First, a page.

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REASSESSING

Gerry Mulligan & Thelonious Monk: Mulligan Meets Monk

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Gerry Mulligan & Thelonious MonkMulligan Meets MonkOJC2013 (1957) The beauty of the Concord Music Group's treasure trove of a catalog is that it will always provide material for the “Reassessing" column at All About Jazz and similar columns elsewhere. The newest round of re-releases celebrate the 60th anniversary of Riverside Records. Riverside Records was founded by Orrin Keepnews and Bill Grauer in 1953, remaining a major force in jazz recording in New York City for a decade, when Grauer perished from a heart attack and the label declared bankruptcy. The catalog ...

MULTIPLE REVIEWS

Verve Originals: Gato Barbieri / Paul Desmond / Gerry Mulligan / Wes Montgomery

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Verve's admirable, no frills, reissue series, “Originals," includes a mixture of masterpieces and also-rans from its own and its associated labels' archives. This trio of albums from the September 2009 batch includes one near masterpiece, saxophonist Gato Barbieri's Chapter Three: Viva Emiliano Zapata; an outstanding blowing session, saxophonists Gerry Mulligan and Paul Desmond's Blues In Time; and one career footnote, guitarist Wes Montgomery's Down Here On The Ground.

Gato Barbieri Chapter Three: Viva Emiliano Zapata Impulse! 2009 (1974)

The fiery going on incantatory Chapter Three: Viva Emiliano Zapata was the ...

CD/LP/TRACK REVIEW

Billy Taylor and Gerry Mulligan: Live at MCG

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The typical jazz listener easily tires of hearing standards covered by newer artists. However, it's occasionally good to hear the masters revisit some of these old compositions--a way of staying connected. Jazz legends Billy Taylor and Gerry Mulligan have done that with Live at MCG. The Manchester Craftsmen's Guild is a non-profit organization in Pittsburgh, USA whose mission is to preserve, present and promote jazz. In doing so, MCG brings in artists such as Taylor and Mulligan to entertain and educate the jazz public. Taylor is a pianist, composer, teacher, lecturer, radio and television personality, recording artist ...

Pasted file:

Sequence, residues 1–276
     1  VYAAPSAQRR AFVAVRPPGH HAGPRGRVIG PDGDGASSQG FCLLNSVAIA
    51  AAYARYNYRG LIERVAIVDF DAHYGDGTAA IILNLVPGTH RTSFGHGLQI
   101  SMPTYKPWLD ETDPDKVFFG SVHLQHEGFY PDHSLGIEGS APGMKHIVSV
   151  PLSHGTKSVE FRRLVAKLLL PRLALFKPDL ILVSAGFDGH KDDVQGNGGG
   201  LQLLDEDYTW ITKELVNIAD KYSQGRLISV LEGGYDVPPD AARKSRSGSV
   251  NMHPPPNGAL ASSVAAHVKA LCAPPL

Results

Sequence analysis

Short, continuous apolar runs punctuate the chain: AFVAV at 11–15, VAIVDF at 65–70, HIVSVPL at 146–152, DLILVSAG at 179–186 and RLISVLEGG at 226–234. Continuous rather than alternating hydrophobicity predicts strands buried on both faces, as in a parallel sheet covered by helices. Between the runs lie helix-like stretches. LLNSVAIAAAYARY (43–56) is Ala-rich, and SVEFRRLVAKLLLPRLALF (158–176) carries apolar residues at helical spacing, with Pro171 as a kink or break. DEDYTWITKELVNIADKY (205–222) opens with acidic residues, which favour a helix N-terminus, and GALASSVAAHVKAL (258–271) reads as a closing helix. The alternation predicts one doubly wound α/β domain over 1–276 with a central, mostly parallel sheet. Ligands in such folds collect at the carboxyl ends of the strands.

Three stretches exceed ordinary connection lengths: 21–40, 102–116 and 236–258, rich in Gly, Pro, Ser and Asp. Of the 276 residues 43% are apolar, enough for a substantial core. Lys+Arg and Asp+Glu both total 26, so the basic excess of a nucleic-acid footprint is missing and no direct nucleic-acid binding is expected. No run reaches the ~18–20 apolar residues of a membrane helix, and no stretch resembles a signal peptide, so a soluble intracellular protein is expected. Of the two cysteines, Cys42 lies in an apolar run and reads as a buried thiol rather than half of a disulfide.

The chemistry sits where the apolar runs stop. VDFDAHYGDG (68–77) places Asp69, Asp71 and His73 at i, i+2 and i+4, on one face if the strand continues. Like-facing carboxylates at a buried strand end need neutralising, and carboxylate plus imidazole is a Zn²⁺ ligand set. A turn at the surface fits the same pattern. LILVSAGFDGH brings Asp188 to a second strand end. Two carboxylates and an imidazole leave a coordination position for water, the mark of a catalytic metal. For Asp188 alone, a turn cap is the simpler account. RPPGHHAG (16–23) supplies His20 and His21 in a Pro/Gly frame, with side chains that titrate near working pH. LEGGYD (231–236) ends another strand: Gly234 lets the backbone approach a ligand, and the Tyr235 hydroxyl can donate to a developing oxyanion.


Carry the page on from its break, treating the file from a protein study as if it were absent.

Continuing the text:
CD/LP/TRACK REVIEW

Billy Taylor and Gerry Mulligan: Live at MCG

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Dr. Billy Taylor has spent so much of the latter part of his nearly sixty-year career in jazz as an educator and broadcaster that it's easy to forget what a brilliant pianist he is. This splendid 1993 date, billed as his first-ever performance with the late baritone sax legend Gerry Mulligan, should serve as a reminder of Taylor's often overlooked talents--as well as a valuable addition to Mulligan's legacy. The album features the two veterans, Taylor, then seventy-two and Mulligan, sixty-six, in a live recording culled from a series of shows at Pittsburgh's Manchester Craftsmen's Guild, a ...

EXTENDED ANALYSIS

Gerry Mulligan: Mosaic Select 21

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Gerry Mulligan Mosaic Select 21 Mosaic Records 2006

Gerry Mulligan is one of the greatest baritone saxophonists in the history of jazz, with a truly remarkable tone, sense of phrasing, and creativity. It's easy to overlook Mulligan's composing and arranging talents, but they too are of the highest caliber. This three-disc set offers several excellent examples of Mulligan's playing and writing skills.